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Bridesmaids and the Bechdel Test

May 25, 2011

Sometime last year, I read Fun Home, a memoir by Alison Bechdel. Bechdel is a talented cartoonist and author living in New York. In 1983 she started the lesbian-centric comic Dykes to Watch Out For which ran for 25 years. In 2006 she published Fun Home as graphic-novel detailing her life growing up the daughter of a funeral director in rural Pennsylvania. Among other things, the book deals frankly with the author’s growing awareness of her own sexual orientation as well as that of her father. It is a fascinating and deeply moving story.

Soon after reading Fun Home, I heard of something known as the Bechdel Test. The concept sprang from a Dykes to Watch Out For comic called “The Rule” that was first published in 1985. It provides a quick way to determine if a movie (or other storytelling medium) includes a compelling female presence in the narrative. In simplified form, the Bechdel Test states the following:

  1. it has to have at least two women in it (this is further clarified to mean two named characters with lines)…
  2. who talk to each other…
  3. about something besides a man

Once the parameters of the Bechdel Test were laid out before me, I found myself thinking about various movies I’d seen and whether they passed the test. Films like The A-Team and Predators fail the test because there are fewer than two named female characters. Let Me In and Tron:Legacy fail because, while there are at least two women, they don’t talk to each other. Perhaps surprisingly, Sucker Punch passes while Shrek fails.

Tvtropes.org breaks it down better than I could:

A movie can easily pass the Bechdel Test and still be incredibly misogynistic. Conversely, it’s also possible for a story to fail the test and still be strongly feminist in other ways, and there’s nothing necessarily wrong with that. What’s a problem is that it becomes a pattern — when so many movies fail the test, while very few show male characters whose lives seem to revolve around women, that says uncomfortable things about the way Hollywood handles gender.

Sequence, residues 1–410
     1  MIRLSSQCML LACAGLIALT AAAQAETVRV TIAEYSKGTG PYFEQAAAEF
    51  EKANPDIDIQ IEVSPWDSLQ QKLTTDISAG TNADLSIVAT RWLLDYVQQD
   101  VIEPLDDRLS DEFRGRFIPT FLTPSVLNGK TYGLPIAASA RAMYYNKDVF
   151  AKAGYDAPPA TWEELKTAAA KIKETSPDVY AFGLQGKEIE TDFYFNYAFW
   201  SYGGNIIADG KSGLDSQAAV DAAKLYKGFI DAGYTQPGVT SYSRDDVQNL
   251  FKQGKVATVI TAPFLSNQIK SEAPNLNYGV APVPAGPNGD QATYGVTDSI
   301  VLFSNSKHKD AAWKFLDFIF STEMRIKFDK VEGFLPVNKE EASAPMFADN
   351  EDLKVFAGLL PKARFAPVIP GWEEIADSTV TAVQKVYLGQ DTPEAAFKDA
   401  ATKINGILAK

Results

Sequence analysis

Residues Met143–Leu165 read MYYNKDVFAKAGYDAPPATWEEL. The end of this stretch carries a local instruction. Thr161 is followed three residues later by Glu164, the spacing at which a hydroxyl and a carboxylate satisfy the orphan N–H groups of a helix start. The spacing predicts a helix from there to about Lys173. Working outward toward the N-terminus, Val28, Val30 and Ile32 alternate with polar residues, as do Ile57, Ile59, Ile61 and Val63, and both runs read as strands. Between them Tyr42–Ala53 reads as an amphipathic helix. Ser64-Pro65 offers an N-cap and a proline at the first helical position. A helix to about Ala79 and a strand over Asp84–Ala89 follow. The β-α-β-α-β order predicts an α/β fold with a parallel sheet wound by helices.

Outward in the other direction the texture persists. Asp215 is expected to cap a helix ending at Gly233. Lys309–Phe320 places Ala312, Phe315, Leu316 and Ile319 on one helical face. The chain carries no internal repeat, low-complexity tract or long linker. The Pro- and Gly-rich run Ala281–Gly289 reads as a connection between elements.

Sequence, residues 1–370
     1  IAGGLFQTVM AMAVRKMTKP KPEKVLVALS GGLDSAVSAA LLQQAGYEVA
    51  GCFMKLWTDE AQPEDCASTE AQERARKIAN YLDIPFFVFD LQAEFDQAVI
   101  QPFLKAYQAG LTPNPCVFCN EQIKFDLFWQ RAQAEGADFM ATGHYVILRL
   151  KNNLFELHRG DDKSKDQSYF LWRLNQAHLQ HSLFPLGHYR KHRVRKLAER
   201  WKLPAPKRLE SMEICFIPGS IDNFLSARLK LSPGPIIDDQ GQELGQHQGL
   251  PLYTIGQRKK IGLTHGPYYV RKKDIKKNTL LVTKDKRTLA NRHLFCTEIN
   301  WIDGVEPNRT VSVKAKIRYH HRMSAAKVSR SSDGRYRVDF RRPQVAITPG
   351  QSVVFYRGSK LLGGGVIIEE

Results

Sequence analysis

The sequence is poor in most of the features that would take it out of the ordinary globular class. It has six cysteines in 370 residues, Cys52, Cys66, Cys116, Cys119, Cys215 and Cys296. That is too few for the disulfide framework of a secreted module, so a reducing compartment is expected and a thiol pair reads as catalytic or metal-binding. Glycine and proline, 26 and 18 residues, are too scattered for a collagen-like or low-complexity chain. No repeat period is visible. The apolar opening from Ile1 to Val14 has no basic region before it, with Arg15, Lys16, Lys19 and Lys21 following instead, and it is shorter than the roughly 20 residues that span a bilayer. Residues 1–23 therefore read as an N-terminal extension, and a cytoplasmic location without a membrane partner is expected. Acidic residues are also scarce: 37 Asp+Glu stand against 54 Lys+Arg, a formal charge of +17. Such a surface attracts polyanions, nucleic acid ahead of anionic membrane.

Now, that is not to say that all movies must pass the test to be considered “feminist approved.” There are plenty of great movies that have legitimate reasons for their lack of female characters; The Shawshank Redemption and Das Boot to name two. The Bechdel Test merely provides a guide, a macro lens through which we can view Hollywood’s output as a whole and see how gender roles and differences are presented. In general, that whole does not look good.

That said, it is gratifying that a mainstream comedy can be a box office success while passing the Bechdel Test. Bridesmaids is such a movie. Much has been said to date about this excellent new comedy (seriously, go see this movie.) The reviews are almost all positive and the box office numbers reflect its popularity with the hoi polloi. I’ve seen it twice. Regarding plot details and commentary about its portrayal of funny women doing physical and intellectual comedy, I can’t really add anything that other reviews have not already touched on. However, I will say that it IS mainstream. It IS popular. And it DOES pass the Bechdel Test. This is a rarity, though increasingly less so.